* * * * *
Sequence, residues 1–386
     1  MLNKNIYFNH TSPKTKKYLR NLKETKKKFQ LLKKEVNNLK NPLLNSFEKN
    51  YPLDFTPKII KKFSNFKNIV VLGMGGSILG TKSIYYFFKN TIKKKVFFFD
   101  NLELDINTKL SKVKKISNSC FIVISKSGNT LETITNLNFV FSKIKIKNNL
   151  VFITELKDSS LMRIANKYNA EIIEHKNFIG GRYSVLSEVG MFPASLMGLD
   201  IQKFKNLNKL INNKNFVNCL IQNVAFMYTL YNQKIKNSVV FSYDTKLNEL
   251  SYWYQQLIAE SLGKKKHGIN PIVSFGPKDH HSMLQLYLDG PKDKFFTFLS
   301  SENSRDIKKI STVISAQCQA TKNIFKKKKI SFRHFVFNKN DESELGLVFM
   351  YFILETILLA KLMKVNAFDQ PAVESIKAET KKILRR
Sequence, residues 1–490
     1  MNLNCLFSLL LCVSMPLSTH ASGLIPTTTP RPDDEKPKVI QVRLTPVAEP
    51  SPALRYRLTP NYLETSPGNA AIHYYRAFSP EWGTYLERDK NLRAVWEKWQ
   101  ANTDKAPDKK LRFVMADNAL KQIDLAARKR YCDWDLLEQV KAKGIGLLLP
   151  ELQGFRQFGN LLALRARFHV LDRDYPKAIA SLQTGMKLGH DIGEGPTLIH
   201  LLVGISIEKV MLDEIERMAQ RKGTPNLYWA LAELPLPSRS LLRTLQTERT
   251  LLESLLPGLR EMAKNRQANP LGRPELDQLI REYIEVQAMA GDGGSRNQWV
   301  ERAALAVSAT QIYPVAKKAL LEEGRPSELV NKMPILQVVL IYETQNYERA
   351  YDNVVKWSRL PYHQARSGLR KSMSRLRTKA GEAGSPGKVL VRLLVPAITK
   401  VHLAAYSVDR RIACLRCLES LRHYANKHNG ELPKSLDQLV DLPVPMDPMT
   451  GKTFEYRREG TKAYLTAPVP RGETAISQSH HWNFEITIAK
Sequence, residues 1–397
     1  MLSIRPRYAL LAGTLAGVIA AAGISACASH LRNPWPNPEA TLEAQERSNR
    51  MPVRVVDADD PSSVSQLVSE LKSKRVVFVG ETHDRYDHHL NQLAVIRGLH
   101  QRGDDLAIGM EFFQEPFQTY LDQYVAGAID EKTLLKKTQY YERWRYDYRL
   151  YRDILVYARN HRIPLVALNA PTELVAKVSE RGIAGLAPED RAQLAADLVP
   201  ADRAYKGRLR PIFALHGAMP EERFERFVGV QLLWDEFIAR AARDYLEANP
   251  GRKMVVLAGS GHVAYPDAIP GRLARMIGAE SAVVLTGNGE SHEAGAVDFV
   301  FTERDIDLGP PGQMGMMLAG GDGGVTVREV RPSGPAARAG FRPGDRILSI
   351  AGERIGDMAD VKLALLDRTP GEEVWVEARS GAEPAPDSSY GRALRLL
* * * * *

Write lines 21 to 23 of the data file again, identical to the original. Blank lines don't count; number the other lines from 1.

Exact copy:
Sequence, residues 1–397
     1  MLSIRPRYAL LAGTLAGVIA AAGISACASH LRNPWPNPEA TLEAQERSNR
    51  MPVRVVDADD PSSVSQLVSE LKSKRVVFVG ETHDRYDHHL NQLAVIRGLH